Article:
Monday , October 14 2019
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Some (very brief) words for graduates

Summary:
I was asked to provide in less than 3 minutes some inspirational and aspirational comments to graduates at the University of York this month, on the occasion of being awarded an honorary degree from the University. This is what I intended to say, though I think I forgot to include some of it when I rose up to make my remarks. As graduates, you are part of a small minority of the world’s population whose lives will be shaped by decisions you make, individually and collectively, instead of decisions made for you. What can an economist like me advise you? As economists, our advice has not always been, shall we say, problem-free. As a great economist once said, god created economists to make astrologers look good. I can only offer a few principles I’ve tried to live by. Question the

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I was asked to provide in less than 3 minutes some inspirational and aspirational comments to graduates at the University of York this month, on the occasion of being awarded an honorary degree from the University. This is what I intended to say, though I think I forgot to include some of it when I rose up to make my remarks.

As graduates, you are part of a small minority of the world’s population whose lives will be shaped by decisions you make, individually and collectively, instead of decisions made for you.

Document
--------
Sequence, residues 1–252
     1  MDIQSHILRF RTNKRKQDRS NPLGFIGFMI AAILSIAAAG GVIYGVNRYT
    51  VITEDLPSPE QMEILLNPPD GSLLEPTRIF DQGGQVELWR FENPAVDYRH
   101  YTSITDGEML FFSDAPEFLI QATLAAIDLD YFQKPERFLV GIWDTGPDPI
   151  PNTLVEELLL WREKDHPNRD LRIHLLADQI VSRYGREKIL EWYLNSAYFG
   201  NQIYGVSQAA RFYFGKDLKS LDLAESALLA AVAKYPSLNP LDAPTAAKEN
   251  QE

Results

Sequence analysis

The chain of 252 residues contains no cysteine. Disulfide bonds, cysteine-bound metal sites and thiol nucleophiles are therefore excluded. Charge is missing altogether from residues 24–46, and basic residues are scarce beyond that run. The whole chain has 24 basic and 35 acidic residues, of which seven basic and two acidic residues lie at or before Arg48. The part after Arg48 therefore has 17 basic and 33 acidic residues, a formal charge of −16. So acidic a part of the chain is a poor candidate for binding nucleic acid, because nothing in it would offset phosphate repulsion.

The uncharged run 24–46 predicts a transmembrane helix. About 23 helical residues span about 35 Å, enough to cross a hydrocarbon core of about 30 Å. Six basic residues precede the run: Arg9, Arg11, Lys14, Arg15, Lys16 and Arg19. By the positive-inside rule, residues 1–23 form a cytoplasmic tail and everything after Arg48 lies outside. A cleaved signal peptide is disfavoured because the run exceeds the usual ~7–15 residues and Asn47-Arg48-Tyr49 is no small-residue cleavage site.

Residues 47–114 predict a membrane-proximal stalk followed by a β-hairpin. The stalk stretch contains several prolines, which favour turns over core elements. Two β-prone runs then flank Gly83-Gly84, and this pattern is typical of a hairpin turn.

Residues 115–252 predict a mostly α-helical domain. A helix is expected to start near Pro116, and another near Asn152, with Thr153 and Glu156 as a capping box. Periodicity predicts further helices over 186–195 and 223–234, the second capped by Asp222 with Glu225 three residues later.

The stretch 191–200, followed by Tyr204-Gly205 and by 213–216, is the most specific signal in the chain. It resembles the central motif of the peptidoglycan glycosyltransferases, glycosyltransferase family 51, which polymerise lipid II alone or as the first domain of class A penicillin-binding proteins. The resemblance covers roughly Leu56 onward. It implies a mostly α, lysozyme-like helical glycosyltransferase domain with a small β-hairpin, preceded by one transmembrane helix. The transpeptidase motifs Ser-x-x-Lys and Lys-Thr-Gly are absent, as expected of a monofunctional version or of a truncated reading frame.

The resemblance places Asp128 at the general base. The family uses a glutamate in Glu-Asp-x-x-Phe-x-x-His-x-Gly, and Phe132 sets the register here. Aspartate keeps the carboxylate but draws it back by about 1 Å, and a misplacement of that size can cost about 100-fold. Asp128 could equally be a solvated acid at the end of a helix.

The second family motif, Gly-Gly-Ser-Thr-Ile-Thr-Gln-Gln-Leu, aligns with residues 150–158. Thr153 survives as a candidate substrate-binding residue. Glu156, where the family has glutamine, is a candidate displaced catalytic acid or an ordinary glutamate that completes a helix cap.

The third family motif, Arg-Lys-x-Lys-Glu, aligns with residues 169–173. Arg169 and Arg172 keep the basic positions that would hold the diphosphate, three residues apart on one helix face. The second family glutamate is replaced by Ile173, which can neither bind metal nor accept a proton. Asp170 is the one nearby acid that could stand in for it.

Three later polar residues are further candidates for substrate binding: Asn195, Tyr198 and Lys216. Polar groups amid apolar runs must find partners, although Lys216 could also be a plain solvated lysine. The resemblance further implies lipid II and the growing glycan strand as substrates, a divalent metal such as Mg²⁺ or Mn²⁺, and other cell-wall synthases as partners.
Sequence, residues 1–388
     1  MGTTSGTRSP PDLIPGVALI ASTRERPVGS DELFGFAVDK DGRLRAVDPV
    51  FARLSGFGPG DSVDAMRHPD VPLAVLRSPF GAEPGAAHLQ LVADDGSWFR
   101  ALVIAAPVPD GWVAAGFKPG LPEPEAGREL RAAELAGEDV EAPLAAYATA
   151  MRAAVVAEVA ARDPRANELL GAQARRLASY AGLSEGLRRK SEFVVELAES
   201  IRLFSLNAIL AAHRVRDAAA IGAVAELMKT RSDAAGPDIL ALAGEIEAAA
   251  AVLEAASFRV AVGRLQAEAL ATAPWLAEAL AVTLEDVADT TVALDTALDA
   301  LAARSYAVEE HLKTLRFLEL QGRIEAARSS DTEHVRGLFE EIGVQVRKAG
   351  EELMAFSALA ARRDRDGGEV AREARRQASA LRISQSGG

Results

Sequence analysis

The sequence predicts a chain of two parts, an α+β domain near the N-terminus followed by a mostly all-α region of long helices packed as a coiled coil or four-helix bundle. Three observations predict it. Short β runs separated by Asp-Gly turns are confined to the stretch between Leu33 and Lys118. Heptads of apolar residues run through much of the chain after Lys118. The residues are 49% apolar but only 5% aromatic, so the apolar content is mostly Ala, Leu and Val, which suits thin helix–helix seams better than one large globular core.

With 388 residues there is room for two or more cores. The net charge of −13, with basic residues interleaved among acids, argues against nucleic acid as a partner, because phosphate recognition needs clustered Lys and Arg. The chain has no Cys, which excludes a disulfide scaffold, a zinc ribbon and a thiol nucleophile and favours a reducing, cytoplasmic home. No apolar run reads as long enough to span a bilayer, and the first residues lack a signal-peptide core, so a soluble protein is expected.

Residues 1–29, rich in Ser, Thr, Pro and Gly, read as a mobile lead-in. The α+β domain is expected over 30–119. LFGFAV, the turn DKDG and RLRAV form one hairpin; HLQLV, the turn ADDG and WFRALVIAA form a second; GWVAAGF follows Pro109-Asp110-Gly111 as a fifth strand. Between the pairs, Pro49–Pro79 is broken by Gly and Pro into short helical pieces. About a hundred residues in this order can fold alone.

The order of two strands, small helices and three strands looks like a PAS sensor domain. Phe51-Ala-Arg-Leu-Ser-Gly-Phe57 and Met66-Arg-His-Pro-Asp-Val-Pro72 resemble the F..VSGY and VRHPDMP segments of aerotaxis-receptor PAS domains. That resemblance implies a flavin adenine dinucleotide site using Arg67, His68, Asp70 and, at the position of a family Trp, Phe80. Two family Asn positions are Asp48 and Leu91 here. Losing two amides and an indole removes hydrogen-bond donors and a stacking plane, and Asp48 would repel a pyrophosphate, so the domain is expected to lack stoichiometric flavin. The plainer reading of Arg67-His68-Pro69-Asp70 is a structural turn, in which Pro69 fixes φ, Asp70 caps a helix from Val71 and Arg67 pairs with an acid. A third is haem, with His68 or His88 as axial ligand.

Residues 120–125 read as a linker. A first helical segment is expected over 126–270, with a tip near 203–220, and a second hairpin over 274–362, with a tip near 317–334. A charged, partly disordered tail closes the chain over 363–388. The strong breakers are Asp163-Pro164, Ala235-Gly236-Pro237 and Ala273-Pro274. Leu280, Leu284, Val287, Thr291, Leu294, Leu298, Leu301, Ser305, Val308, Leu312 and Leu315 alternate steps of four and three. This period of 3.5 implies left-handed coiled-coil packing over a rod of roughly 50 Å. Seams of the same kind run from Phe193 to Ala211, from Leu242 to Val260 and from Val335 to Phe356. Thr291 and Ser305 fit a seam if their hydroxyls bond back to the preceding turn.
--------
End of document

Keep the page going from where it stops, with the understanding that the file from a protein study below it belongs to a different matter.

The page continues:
What can an economist like me advise you? As economists, our advice has not always been, shall we say, problem-free. As a great economist once said, god created economists to make astrologers look good. I can only offer a few principles I’ve tried to live by.

Question the truth; but don’t give up the search for it. Be a skeptic, not a cynic. 

Seek wisdom; shun cleverness. It’s the first that will get you where you want to go. 

Learn from history and respect tradition. But use them to grow your imagination and expand the range of the feasible in the present and future.

Be suspicious of conventional wisdom. By the time an idea becomes conventional wisdom, it is almost always wrong, because so many of the caveats and limitations have been shoved aside. 

Always ask for a second opinion. And never take what an economist says, about these or anything else, as the final word. 

Congratulations. 

Dani Rodrik
I am an economist, and a professor at the Harvard Kennedy School. My most recent book is Economics Rules: The Rights and Wrongs of the Dismal Science (Norton, 2015). I was born and grew up in Istanbul, Turkey. I still follow Turkish politics very closely, as you will find out if you spend any time with this blog.

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